Therefore, if thunderstorms or strong cold winds blow, people may combine their prayers, but if it is simply a case of cold weather, then people may not combine their prayers.
The scholars have agreed that men may combine their prayers in any mosque regardless of its size.
However, in schools, businesses, and governmental buildings which have temporary prayer rooms or areas and have a mosque nearby, men must stop praying in these temporary prayer rooms or areas and perform their prayers in the nearby mosque.
In cases where the mosque is too far, and the men therefore have no other place to pray in except these prayer rooms or areas, then they may pray in them.
However, the question which now arises is, can they combine prayers in these temporary prayer areas or rooms when combining is applicable?
Some scholars have stated that if people usually finish work after praying Thuhr and before ‘Asr is due, then they may combine due to the difficulties that may otherwise result; moreover, these people may miss any other congregational prayer elsewhere because people in the mosques would have combined ‘Asr with Thuhr at the time of Thuhr already; Therefore, in this case such people may combine their prayers in their workplaces.
If however they finish work after ‘Asr, then they may not combine, because they are staying in the same place and do not have to leave to attend the congregation, so they should pray each prayer at its due time.
One whose house is next to a mosque, or who walks under a roof-covered area in order to reach it, or whose car is inside a garage which is not difficult to get to, or who walks through a roof-covered market to reach the mosque, may also combine.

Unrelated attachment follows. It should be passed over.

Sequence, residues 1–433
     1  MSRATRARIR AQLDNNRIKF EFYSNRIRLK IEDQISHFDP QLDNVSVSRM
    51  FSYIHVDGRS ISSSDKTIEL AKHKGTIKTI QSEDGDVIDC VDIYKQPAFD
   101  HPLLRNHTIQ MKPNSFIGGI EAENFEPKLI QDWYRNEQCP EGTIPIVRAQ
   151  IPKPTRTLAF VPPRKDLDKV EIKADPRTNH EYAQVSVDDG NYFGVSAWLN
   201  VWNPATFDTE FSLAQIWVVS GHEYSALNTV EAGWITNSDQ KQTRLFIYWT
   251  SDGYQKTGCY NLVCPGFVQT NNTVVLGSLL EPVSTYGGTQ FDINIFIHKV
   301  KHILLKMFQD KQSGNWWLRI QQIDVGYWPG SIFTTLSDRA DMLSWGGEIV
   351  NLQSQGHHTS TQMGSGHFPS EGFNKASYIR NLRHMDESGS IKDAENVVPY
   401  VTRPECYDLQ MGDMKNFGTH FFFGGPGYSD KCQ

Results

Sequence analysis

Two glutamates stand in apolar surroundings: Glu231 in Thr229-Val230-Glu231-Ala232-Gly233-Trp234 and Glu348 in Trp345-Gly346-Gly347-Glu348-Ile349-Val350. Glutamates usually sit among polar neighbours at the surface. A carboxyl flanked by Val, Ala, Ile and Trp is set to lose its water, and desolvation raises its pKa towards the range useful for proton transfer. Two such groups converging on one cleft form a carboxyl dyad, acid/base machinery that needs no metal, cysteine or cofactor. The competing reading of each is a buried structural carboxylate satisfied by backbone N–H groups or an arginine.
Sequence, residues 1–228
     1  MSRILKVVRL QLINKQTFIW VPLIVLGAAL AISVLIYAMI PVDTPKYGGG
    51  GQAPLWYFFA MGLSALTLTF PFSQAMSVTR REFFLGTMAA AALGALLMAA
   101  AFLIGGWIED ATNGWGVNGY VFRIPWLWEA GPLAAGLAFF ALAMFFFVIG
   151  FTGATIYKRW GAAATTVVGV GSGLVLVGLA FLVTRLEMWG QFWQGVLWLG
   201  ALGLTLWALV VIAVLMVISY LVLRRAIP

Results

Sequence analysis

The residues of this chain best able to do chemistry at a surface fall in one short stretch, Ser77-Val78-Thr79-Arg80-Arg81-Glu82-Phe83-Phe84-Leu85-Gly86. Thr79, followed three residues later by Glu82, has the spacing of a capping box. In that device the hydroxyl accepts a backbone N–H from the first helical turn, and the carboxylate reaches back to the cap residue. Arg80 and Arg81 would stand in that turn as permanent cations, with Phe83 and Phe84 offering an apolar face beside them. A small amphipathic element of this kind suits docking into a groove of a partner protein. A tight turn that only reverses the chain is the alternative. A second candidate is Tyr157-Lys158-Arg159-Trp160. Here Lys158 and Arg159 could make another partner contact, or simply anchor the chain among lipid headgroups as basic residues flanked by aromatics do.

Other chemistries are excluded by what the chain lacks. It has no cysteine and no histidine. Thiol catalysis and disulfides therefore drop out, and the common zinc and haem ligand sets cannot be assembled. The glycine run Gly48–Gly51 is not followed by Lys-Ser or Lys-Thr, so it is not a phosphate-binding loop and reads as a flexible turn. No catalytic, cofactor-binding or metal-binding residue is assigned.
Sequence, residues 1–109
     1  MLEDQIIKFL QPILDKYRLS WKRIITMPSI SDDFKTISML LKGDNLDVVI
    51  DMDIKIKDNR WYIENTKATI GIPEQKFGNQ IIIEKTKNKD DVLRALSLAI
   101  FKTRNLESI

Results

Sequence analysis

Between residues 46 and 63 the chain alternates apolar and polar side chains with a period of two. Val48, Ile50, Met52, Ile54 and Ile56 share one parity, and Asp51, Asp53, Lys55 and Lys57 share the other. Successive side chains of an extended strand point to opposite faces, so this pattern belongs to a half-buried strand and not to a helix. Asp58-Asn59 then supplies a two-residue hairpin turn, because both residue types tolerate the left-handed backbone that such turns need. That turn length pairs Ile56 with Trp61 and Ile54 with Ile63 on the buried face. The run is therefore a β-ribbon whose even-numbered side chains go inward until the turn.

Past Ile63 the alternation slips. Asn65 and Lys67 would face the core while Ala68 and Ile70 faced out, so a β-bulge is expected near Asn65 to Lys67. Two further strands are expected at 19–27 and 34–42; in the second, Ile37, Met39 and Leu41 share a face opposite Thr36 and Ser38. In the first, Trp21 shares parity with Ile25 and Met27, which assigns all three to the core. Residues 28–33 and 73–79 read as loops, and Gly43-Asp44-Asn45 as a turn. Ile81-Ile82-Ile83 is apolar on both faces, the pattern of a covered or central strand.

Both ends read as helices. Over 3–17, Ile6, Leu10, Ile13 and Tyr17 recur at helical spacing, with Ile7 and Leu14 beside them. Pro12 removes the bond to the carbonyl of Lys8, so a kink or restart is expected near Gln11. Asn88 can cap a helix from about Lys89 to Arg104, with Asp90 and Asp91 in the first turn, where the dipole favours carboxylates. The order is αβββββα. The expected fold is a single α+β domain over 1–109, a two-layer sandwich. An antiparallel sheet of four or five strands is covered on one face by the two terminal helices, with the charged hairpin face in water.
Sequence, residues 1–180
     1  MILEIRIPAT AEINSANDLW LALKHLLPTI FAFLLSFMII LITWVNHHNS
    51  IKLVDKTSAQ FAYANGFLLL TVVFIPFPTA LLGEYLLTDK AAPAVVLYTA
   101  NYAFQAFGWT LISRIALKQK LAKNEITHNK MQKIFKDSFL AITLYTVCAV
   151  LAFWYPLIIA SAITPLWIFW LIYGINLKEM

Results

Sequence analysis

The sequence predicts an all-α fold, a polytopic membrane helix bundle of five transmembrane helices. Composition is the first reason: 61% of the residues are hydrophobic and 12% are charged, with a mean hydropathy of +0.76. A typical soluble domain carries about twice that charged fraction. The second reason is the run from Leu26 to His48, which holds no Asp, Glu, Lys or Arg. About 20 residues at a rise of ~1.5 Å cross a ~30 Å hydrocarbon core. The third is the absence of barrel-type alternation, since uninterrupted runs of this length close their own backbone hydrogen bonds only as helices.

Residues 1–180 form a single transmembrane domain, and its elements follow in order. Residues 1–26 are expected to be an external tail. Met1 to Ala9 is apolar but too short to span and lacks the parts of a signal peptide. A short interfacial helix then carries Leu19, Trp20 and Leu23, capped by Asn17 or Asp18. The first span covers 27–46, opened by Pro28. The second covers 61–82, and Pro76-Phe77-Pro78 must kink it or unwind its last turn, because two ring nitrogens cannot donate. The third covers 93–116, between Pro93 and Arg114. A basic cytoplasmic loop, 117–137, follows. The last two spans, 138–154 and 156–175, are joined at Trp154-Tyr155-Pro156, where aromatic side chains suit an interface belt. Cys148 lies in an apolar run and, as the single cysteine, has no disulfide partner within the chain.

This is because the Prophet sallallaahu ‘alayhi wa sallam did not differentiate between those who were close and those who were far from the mosque for this ruling; moreover, his own house was adjacent to the mosque and he would lead the prayers and combine them whenever applicable.
It is permissible to pray Thuhr with the congregation whilst they are praying ‘Asr, but in the case of Maghrib and ‘Ishaa’, one may not pray the last Rak’ah of the congregation’s ‘Ishaa’ because one would then be praying his own Maghrib, which he should conclude after three Rak’ahs – as explained earlier.
If one arrives after the congregation has finished its combined prayers, then he may combine alone according to the opinion of Imaam Ahmad, may Allaah be pleased with him, and others.
The regular optional prayers that come after the obligatory prayers also have to be prayed in their correct sequence; therefore, when applicable, people should combine the Maghrib and ‘Ishaa’ prayers and then pray the optional two Rak’ahs for Maghrib and then the two for ‘Ishaa.’ It is also permissible to combine between the Jumu’ah and ‘Asr prayers, according to the most authentic opinion of the scholars.